Fall 2009
Volume 3, Issue 1
Eye on the Future Research Focus
The Path to Graduate School
By Paul J. Schroeder and Nicole J. Bies-Hernandez

Undergraduate students often feel uncertain or overwhelmed by the graduate school application process. Although many students may postpone seriously thinking about graduate school until their senior year, several simple steps may be taken during junior (or even sophomore) year of study that might alleviate some of the stress associated with the application process. Additionally, potential applicants may be unaware of other important resources and opportunities available to them that could greatly improve their chances for acceptance.

Here, we present an easy-to-follow diagram of the graduate school application process and a few helpful tips on improving your chances as a competitive applicant. This diagram is intended for students starting the application process prior to their senior year, however if you are a senior you should begin following these steps as soon as possible. Please note that the recommended steps in this diagram are applicable to both terminal degree and doctoral programs in Psychology.

References & Suggested Readings:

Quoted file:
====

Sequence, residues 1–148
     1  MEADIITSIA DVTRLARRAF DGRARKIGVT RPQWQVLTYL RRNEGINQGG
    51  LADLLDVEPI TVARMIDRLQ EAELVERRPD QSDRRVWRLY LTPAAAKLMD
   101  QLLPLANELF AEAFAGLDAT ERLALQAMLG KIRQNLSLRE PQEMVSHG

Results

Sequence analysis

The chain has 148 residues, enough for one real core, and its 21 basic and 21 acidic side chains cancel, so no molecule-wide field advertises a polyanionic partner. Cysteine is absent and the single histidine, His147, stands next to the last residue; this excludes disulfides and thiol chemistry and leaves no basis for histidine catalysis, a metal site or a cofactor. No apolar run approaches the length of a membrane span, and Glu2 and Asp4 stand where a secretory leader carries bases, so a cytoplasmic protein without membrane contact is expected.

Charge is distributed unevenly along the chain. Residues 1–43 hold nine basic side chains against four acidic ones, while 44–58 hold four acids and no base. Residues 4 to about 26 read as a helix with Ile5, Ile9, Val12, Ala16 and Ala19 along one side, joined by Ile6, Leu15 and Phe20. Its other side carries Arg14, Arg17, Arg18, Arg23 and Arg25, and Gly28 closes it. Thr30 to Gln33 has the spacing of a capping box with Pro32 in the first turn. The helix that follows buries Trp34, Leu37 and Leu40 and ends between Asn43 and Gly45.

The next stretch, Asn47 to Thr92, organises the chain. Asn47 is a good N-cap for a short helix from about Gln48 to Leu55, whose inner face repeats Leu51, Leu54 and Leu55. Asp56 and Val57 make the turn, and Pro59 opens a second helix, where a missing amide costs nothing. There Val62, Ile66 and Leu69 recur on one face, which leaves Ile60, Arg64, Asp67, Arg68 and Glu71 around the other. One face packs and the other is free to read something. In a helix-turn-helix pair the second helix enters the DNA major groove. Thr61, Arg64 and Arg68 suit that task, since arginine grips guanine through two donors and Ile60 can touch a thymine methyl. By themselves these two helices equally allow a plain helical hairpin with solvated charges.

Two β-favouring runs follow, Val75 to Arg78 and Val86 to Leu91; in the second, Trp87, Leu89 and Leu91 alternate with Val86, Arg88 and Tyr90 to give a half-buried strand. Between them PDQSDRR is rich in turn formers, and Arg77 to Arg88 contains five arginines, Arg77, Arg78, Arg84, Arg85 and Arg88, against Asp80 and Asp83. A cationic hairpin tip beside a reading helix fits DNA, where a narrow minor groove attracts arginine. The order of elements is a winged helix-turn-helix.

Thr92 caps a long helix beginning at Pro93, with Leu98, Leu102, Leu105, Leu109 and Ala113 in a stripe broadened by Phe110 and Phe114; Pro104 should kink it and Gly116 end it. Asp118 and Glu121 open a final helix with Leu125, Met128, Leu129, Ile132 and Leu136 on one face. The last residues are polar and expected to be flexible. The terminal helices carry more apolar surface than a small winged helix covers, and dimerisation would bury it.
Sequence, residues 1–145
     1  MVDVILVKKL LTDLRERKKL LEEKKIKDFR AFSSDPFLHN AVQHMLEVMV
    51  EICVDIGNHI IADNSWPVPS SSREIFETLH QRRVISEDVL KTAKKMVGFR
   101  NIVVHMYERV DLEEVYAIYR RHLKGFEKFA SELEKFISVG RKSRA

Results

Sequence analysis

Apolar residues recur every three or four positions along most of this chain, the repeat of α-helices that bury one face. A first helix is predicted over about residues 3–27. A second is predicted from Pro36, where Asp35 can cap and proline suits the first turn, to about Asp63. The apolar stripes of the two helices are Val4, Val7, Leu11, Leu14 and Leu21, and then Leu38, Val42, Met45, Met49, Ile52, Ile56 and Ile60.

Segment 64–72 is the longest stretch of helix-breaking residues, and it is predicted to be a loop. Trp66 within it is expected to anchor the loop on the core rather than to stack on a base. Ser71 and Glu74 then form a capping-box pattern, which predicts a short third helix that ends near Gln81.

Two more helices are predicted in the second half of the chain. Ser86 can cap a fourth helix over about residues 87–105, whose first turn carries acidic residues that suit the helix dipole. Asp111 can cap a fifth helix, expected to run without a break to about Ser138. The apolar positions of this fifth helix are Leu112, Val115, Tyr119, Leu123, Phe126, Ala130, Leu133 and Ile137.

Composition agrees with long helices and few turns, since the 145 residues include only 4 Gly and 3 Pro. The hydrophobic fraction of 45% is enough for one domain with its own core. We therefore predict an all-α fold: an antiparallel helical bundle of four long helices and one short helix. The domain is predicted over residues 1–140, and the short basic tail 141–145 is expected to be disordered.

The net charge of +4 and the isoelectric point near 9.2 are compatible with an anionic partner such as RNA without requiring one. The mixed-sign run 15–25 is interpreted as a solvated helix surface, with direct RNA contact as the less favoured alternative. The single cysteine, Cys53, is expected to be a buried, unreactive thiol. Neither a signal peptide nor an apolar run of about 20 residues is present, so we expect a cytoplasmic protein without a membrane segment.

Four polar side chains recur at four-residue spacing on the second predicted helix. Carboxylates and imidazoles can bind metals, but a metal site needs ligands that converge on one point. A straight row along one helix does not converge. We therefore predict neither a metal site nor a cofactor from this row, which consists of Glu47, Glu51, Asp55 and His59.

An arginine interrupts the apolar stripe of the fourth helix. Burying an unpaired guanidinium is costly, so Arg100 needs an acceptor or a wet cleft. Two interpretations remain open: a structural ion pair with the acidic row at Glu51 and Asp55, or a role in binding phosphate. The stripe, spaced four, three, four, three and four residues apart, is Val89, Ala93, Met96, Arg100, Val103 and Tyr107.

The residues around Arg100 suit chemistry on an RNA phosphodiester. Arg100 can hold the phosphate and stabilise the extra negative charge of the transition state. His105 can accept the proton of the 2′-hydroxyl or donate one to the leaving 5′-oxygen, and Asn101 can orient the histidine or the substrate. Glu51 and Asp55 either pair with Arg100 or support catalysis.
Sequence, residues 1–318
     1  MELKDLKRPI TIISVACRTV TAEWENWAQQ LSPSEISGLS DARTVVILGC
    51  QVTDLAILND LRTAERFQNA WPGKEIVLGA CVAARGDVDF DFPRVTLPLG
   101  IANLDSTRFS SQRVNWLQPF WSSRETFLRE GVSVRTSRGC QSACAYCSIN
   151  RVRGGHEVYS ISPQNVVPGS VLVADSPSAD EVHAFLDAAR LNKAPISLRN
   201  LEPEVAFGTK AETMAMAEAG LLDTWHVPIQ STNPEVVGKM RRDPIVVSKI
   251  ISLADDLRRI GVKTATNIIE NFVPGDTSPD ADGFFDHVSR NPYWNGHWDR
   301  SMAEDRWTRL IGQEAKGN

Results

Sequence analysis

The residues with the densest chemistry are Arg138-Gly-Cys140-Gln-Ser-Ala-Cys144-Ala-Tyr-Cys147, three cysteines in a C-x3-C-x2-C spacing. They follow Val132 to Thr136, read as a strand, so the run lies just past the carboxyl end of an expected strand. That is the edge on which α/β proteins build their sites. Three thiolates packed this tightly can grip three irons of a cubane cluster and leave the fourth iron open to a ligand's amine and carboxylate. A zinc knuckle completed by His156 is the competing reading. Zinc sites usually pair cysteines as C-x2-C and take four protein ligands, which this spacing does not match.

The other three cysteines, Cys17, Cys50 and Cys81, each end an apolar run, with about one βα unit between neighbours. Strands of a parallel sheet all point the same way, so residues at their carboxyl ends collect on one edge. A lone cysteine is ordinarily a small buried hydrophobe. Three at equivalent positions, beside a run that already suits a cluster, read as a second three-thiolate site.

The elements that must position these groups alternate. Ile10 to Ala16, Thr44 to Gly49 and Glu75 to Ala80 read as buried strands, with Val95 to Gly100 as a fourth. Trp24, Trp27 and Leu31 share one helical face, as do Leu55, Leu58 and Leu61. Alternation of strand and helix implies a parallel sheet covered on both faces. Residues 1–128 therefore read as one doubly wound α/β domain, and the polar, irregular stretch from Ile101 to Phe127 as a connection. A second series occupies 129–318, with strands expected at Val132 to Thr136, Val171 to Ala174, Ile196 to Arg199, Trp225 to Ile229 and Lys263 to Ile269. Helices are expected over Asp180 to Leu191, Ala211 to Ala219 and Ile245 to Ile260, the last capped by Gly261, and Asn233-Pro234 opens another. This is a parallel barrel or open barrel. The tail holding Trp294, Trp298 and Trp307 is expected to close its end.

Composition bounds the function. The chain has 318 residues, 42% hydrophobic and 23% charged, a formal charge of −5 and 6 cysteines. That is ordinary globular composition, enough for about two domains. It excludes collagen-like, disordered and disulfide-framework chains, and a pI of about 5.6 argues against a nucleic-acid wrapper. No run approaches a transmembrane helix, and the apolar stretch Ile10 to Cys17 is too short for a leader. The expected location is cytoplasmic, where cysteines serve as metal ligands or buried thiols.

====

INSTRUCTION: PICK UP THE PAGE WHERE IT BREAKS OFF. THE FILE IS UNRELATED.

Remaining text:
American Psychological Association. (2007). Getting in: a step-by-step plan for gaining admission to graduate school in psychology, second edition. Washington, D.C.: APA.

Darley, J.M., Zanna, M.P., Roediger, H.L. (Eds.). (2003). The compleat academic: a career guide, second edition. Washington, D.C.: APA.

Demir, M. (2009, Spring). Preparing, applying, and gaining admission into grad school. Undergraduate Update, 2(1). Retrieved on September 2, 2009 from http://www.psychologicalscience.org/apssc/uu/spring_2009/demir.cfm

Schroeder, P.J. (2008, Fall). The value of research experience. Undergraduate Update, 1(2). Retrieved on September 2, 2009 from http://www.psychologicalscience.org/apssc/uu/fall_2008/research_focus.cfm

Author Note:

Paul J. Schroeder, MA and Nicole J. Bies-Hernandez, MA are doctoral candidates in the experimental psychology program at the University of Nevada, Las Vegas. They wish to thank Jeremy A. Houska for his helpful comments on earlier versions of this manuscript.
Editor: Molly Petersen - Associate Editor: Peter M. Vernig